Since the 1990s, Japan has suffered a series of economic problems. As a result, this country is today estimated to have over 600 active alternative currencies in circulation. The Japanese government seems to have fewer issues with alternative currencies than the Feds.
The NORFED Liberty Dollar was removed from circulation after a long fight with the US authorities, who declared that issuing any coinage that was meant to compete with official US coinage while looking similar was a criminal act. Prosecutors at the Justice Department had determined these gold and silver coins were in violation of US Code. The FBI and Secret Service promptly confiscated the entire hoard of silver, gold and platinum in November 2007, including two tons of Ron Paul Dollars. Liberty Services owner Bernard von NotHaus is still in court attempting to recover his assets worth roughly US$7 million.
Any of these currencies might have had a better track record had they enjoyed enthusiastic public support and wide circulation. Widespread acceptance of a new currency can mean the difference between it becoming a household word or a forgotten footnote.
So how can one support bitcoin? Besides the obvious activities of purchasing it, transacting with it, mining it and accepting it for services, how can we support awareness of this new cryptocurrency?
Whenever I'm standing at a checkout counter, once I see the cashier isn't counting change or otherwise occupied, I'll ask a simple question. Actually, it's two questions. First, "Do you mind if I ask you something I ask a lot of people?" The next question is the money maker. "Have you heard of Bitcoin?"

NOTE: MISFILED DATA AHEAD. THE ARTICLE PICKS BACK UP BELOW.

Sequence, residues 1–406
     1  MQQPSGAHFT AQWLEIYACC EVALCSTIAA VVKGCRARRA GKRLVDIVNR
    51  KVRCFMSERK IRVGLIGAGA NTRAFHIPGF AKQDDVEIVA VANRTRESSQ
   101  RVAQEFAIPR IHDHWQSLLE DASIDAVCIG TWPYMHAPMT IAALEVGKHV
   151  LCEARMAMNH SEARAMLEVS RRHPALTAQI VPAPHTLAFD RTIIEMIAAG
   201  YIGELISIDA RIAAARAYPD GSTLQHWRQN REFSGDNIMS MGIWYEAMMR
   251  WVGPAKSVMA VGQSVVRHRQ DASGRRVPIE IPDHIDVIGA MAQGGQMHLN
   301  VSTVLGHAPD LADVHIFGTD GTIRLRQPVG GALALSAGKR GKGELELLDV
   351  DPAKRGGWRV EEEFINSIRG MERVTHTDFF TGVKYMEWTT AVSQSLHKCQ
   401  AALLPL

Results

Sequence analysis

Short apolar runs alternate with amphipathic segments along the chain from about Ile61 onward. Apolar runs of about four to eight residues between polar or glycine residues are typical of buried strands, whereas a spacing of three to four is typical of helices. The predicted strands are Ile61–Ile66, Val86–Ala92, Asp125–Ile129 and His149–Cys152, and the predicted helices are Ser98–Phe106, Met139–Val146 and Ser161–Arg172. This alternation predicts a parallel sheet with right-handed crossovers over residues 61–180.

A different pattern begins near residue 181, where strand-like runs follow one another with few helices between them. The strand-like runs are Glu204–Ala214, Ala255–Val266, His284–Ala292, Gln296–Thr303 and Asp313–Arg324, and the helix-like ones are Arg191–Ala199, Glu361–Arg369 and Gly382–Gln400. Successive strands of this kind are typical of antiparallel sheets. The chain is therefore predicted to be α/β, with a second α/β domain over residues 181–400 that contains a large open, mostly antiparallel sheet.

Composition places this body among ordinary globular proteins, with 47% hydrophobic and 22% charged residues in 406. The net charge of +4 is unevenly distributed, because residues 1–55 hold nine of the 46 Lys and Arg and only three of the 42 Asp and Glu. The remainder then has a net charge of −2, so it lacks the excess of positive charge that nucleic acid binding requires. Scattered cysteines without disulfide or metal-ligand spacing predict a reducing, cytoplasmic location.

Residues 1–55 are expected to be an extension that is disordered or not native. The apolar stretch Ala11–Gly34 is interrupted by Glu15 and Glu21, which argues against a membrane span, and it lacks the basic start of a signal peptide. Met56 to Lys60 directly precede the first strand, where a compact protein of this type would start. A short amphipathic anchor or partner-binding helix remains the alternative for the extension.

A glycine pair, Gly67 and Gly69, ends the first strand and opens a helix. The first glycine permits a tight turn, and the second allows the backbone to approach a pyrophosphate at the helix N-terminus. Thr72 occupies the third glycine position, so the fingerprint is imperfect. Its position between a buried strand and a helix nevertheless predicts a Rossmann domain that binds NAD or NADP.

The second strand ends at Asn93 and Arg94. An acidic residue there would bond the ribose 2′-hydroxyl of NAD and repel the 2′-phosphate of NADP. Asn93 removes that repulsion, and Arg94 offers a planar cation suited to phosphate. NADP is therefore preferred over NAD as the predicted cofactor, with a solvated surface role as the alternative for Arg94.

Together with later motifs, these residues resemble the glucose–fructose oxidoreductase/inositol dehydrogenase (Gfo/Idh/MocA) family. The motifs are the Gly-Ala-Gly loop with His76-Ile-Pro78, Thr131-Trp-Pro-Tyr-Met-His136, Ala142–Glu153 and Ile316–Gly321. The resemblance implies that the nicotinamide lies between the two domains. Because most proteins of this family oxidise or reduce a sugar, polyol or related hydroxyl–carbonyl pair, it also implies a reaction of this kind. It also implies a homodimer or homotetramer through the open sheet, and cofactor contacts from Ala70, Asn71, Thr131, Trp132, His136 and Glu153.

I've found around 10 % of those surveyed can remember hearing something about it. But there is a problem. Most of these people report a negative or doubtful opinion, predominantly due to the strong association with the Mt. Gox failure widely reported in the news. The general impression among the public seems to be that Bitcoin went down the tubes with Mt. Gox, its first trading platform.
First impressions, especially negative ones, are hard to shake.
Why isn't bitcoin's value headed to the moon? One website provides an impressive list of the companies accepting bitcoin. These everyday names include Overstock, Tesla, WordPress, Amazon, Dell, Target, Microsoft, and Dish Network. It's a long list. The corporate sector appears to be well aware of the potential. But what about the everyday user, the man or woman on the street? Why would they remain more confident in a currency that is backed by nothing but faith, and has lost 96 % of its value since 1913?
If Bitcoin is to be vastly successful, it may require more than an offer of a ride in a spaceship to help it break through. If we really care about the success of this ingenious innovation, we need to put our collective marketing efforts behind it. Bitcoin has a thousand stories to tell.
One of my favorites is how I purchased US$100 of my Christmas gifts for just US$6 worth of bitcoins acquired months earlier. That one usually perks up some interest. We have to tell our stories to drown out the negative ones about Mt. Gox, volatility, computer virus ransoms and Silk Road. We have to turn the tide of fear, uncertainty and doubt back to our favor. There is a lot of work to do, and we need every evangelist of cryptocurrency to speak in favor of it.
What's your story?
Kevin Tambling is a digital currency professional, online marketer and web developer living in Central Florida.